Gen. McKee was a Cape boy

Gen. Seth J. McKee, graduated from Cape Central High School in 1934, and attended Southeast Missouri State College from 1934 to 1937. At the time of his death at 100 in 2016, he was the oldest survivor of the D-Day invasion of France in World War II. He ended his career as commander of the North American Air Defense Command. It is said one of his retirement gifts was a replica of the red phone he would have used to notify the president that the country had come under nuclear attack. Mark Bliss wrote an obituary that contains more details.

Stephen W. Thompson was born in West Plains, Mo., and joined the army when the U.S. entered World War I in 1917. On the way to Virginia for training in the Coast Artillery Corps, he saw his first airplane. After his first flight, he switched to the Air Service. Even though his squadron had not yet begun combat operations, Thompson and a buddy hopped aboard French aircraft to serve as gunner-bombardiers. On that flight, he managed to shoot down an attacking fighter, the first aerial victory by any member of the U.S. military. He was awarded the Croix de guerre by the French government.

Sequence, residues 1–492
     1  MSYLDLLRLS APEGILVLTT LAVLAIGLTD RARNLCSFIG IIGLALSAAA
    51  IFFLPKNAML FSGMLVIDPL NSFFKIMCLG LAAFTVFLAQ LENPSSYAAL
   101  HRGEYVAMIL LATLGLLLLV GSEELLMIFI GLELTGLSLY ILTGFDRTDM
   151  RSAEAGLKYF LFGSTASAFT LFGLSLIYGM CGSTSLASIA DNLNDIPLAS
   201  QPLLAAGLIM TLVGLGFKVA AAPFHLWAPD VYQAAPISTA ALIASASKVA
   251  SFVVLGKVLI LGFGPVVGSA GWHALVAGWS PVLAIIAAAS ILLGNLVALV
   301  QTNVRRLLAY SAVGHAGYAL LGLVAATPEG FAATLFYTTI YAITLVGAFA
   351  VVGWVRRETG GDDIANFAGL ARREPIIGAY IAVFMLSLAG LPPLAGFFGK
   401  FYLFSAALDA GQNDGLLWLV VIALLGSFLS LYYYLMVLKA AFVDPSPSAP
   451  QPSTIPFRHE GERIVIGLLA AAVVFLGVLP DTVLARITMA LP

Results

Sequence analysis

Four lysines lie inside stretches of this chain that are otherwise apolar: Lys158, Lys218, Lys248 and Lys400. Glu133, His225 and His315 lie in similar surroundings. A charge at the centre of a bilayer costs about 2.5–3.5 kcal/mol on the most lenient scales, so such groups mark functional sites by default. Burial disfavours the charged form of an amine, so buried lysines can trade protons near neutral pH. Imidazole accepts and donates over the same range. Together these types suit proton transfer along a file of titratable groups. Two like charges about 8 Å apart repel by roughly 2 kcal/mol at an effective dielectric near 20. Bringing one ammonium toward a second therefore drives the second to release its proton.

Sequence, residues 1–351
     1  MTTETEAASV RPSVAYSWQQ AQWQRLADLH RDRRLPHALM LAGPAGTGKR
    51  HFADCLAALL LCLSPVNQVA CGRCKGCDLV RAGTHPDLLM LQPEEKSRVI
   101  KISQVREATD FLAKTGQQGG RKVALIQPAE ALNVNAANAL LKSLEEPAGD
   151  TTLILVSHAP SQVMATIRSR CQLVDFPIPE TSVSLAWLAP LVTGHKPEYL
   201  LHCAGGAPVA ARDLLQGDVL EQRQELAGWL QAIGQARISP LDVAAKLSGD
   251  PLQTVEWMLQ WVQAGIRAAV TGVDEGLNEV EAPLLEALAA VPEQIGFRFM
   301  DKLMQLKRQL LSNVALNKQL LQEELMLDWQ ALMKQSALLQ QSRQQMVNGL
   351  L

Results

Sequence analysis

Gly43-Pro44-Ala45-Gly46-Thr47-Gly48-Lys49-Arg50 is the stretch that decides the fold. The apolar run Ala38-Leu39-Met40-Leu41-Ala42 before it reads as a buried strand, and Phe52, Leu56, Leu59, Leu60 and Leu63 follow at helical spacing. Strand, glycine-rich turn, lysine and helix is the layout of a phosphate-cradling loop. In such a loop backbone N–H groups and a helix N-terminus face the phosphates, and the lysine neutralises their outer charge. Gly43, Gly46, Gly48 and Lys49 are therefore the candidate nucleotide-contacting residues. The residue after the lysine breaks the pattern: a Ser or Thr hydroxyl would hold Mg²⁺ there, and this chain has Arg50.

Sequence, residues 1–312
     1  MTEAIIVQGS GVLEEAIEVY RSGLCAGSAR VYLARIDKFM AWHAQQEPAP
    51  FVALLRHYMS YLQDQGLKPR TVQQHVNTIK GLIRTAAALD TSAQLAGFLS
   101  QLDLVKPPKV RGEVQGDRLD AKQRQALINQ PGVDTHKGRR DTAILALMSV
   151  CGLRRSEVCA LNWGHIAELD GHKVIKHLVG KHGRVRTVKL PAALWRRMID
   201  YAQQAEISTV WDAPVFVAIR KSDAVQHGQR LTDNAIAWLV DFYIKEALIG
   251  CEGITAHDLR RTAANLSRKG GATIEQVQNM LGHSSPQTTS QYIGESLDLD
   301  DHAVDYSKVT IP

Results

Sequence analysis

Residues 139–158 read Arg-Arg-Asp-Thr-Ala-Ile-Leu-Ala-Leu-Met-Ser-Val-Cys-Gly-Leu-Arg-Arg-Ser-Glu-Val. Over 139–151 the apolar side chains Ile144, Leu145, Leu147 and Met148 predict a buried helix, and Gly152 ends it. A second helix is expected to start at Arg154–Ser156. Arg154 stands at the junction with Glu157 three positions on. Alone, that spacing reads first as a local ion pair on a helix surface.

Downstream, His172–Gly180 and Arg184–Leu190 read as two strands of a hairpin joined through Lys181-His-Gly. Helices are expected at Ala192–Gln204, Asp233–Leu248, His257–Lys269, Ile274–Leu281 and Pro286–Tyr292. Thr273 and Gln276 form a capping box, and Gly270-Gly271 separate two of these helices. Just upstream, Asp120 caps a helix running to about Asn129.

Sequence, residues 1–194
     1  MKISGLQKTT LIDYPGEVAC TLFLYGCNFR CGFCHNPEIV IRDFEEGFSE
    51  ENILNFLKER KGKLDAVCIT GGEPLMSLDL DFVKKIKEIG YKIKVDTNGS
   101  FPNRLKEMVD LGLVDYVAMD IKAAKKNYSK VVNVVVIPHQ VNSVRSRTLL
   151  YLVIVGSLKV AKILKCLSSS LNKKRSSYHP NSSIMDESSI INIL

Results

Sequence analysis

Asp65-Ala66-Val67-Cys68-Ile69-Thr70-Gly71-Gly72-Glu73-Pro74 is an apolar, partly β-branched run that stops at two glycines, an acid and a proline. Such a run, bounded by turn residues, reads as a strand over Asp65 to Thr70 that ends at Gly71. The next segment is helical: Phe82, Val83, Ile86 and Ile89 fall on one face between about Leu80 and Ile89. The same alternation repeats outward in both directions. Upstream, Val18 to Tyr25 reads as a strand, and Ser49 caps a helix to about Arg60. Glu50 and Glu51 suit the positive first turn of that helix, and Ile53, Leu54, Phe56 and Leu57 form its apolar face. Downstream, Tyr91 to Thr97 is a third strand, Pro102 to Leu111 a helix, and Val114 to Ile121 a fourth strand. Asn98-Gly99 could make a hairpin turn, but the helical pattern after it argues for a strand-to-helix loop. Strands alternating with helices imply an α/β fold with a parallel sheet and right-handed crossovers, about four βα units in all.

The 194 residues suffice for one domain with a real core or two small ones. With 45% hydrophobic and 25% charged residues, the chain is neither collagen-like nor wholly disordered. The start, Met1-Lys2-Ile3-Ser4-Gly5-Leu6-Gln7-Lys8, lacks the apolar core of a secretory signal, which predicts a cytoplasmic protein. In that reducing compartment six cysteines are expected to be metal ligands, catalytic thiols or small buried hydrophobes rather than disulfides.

Gen. Roscoe Robinson Jr.

Gen. Roscoe Robinson, Jr., born in St. Louis, was the first African-American to become a four-star general in the U.S. Army. He served as a platoon leader and rifle company commander in Korea in 1952, where he was awarded the Bronze Star. In 1967, he served as a battalion commander in Vietnam. For that service, he was awarded the Legion of Merit, the Distinguished Flying Cross, 11 Air Medals, and two Silver Stars.

Cape’s Medal of Honor recipient

PFC Richard G. Wilson was born in Marion, Ill., but moved to Cape Girardeau in 1939. He attended May Greene School and Central High School, where he played guard on the football team.